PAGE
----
In the writing world there are times when it is acceptable to break the rules. There may be times when it is appropriate for your story to have characters beginning with the same letter, or for you to start a sentence with And. The reason that breaking these rules can be acceptable is because they’re not rules, merely guidelines. I think it is acceptable to break these guidelines as long as you understand the consequences of breaking them. There are, though, some writing rules, not guidelines, which should not be broken: rules for entering a writing competition.
I’m part of the administration process of a short story competition being run by the writers’ group I go to. We’re inviting short story entries of up to 1200 words. That’s the rule. Up to 1200 words. So stories that are shorter than 1200 words are acceptable, but those longer are not.
There’s also another rule that clearly tells entrants that submissions that break these rules will be disqualified and entry fees will not be returned.
Well, over the weekend, two submissions came in that were more than 1500 words long. They’ve broken the word count rule by more than 300 words! They’ve been disqualified because they break the rules, and out of fairness to those writers who taken the effort to abide by the rules.
Profits from our competition are being donated to a charity, this year, so if nothing else, at leas the entrants are doing something worthy by paying an entry fee which will be passed onto the charity. But by breaking the rules they’re missing out on an opportunity to have their worked judged … and potentially win some money themselves.
Breaking the rules can make life more difficult for the competition organisers. There’s another rule in our competition that states that entries cannot be entered into any other competition at the same time that it is entered into our competition. I know some writers don’t like this ‘exclusivity’ rule, but, at the end of the day, it is our competition and you don’t have to enter our competition if you don’t like that rule. Once our competition is over and the results announced, entrants are free to submit their entry into other competitions.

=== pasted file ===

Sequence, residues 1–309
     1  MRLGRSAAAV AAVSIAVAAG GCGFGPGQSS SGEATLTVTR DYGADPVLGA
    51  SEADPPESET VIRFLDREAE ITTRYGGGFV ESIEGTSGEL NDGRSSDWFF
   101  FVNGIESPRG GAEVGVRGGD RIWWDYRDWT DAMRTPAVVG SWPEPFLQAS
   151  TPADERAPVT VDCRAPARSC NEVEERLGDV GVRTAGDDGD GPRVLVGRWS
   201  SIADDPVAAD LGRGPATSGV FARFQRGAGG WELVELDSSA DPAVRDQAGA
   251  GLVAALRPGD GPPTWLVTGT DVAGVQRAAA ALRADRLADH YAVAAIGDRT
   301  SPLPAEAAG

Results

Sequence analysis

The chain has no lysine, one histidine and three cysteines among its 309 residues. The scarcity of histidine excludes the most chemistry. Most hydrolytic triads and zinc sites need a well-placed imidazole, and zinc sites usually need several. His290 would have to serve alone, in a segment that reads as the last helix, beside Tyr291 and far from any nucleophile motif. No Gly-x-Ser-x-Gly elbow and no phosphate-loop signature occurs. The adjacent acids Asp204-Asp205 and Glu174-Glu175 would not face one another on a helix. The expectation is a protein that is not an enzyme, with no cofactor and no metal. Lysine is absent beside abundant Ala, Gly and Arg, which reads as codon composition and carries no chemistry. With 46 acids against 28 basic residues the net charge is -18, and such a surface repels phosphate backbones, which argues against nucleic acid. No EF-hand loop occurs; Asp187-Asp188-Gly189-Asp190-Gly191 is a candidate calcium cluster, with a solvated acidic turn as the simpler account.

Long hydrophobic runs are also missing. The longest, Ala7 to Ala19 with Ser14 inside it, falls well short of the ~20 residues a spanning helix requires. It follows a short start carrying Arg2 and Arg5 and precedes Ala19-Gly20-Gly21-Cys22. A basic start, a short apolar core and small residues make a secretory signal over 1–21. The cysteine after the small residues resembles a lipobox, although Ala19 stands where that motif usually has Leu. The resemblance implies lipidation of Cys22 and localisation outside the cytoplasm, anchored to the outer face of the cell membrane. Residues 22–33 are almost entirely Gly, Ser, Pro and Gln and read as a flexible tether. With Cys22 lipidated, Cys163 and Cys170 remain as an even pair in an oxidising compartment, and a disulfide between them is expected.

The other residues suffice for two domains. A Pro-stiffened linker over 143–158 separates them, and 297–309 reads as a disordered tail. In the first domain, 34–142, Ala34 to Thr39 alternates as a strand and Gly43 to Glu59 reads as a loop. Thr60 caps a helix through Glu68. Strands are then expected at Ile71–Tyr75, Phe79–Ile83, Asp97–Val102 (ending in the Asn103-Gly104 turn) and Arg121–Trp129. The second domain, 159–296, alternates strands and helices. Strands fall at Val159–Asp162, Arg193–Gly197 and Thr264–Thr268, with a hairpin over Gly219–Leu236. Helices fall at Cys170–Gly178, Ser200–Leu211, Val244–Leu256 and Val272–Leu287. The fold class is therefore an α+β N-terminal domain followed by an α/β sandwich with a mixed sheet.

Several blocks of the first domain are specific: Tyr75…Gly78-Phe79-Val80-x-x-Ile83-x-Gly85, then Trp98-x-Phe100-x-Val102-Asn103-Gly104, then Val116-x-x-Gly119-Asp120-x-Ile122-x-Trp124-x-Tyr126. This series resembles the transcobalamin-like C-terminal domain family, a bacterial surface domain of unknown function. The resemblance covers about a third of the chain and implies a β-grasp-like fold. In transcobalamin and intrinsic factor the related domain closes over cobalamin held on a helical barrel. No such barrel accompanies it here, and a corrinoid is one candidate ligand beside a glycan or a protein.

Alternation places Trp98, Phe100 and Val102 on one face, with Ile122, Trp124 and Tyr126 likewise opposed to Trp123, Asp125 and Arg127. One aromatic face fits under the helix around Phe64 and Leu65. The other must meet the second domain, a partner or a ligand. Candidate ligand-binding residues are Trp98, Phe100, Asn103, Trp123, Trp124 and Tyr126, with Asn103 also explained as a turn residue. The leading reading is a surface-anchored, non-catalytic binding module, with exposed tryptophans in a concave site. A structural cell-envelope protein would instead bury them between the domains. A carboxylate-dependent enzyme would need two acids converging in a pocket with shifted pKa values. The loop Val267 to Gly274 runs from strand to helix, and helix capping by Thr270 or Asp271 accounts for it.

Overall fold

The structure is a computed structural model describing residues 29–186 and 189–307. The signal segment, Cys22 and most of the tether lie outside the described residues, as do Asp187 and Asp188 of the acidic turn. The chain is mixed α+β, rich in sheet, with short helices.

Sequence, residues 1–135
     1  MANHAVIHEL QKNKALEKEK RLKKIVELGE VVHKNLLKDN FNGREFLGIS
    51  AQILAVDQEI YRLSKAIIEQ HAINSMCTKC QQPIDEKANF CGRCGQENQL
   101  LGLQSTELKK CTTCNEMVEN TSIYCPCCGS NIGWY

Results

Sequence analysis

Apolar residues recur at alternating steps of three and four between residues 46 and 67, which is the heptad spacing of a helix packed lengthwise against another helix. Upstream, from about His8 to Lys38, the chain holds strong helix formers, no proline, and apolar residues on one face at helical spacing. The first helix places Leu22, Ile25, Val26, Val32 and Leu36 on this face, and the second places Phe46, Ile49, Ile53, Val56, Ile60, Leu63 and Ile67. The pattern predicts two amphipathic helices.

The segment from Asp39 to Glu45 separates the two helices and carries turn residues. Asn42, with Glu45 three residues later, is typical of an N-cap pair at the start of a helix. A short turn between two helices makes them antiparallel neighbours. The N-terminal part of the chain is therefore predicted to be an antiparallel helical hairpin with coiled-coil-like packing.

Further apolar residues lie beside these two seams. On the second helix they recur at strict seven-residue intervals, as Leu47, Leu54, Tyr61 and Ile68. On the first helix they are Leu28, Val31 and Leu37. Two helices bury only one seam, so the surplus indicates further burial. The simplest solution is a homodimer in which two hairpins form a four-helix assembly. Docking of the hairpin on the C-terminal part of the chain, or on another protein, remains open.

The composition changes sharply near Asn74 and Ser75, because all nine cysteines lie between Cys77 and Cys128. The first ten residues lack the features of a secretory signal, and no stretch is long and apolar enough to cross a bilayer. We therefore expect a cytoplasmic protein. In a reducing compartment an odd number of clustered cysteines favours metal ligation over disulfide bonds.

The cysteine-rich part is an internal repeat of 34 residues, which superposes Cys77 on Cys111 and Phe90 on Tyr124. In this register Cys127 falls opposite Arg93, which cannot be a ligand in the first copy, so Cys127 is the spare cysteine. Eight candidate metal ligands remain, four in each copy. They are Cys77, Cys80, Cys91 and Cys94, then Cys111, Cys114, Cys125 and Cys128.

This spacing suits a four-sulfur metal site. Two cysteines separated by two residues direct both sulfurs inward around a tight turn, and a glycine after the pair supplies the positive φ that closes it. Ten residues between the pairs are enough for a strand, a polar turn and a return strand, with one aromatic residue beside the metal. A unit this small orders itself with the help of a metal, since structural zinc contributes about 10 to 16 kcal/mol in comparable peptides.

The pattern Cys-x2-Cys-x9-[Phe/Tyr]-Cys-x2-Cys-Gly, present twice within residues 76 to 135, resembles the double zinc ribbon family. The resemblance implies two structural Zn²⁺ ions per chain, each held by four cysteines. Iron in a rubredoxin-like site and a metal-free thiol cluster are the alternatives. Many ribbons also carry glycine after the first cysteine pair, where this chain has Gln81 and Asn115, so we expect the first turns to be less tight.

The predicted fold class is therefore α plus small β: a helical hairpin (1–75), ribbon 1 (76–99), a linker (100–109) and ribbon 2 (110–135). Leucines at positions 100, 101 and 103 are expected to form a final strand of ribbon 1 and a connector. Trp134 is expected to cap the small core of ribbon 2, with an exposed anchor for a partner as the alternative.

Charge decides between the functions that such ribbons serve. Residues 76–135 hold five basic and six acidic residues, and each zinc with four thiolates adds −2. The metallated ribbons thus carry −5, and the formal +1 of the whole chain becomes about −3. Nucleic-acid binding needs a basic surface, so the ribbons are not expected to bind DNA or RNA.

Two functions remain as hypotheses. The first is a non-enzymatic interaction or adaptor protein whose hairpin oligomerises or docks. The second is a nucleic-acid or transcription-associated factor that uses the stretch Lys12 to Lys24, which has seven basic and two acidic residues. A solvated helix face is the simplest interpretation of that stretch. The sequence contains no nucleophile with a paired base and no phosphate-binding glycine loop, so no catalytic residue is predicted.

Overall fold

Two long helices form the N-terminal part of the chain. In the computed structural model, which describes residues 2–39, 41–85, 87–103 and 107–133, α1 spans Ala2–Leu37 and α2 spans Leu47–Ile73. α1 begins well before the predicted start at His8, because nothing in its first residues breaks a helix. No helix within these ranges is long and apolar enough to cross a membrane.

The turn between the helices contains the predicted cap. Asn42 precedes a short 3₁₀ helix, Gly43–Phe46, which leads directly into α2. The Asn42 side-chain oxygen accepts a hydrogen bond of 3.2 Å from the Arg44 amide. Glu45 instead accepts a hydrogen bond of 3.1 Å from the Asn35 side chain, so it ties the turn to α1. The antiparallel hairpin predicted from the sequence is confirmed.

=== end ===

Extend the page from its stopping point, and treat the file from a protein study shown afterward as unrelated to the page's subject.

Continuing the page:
You might think that if you broke this rule the competition organisers wouldn’t know about it. Not so. A month after we’d declared our winners, one year, another competition announced their winners. One of their highly commended entries happened to be our first prize winner that year. Some simple investigation proved that both competitions had been running at the same time, so whilst the entrant hadn’t broken the rules of the other competition, he had broken our rules. When we brought this to the entrant’s attention he acknowledged his error and repaid his prize money. This then meant we had to ‘upgrade’ our second prize winner to first, our third to second, and the judges then had to get together again to determine who out of the highly commendeds was now worthy of third place. Again, this process had to be undertaken out of fairness to the entrants who had followed the rules.
So, here’s one writing rule you should never break: always abide by a writing competition’s rules!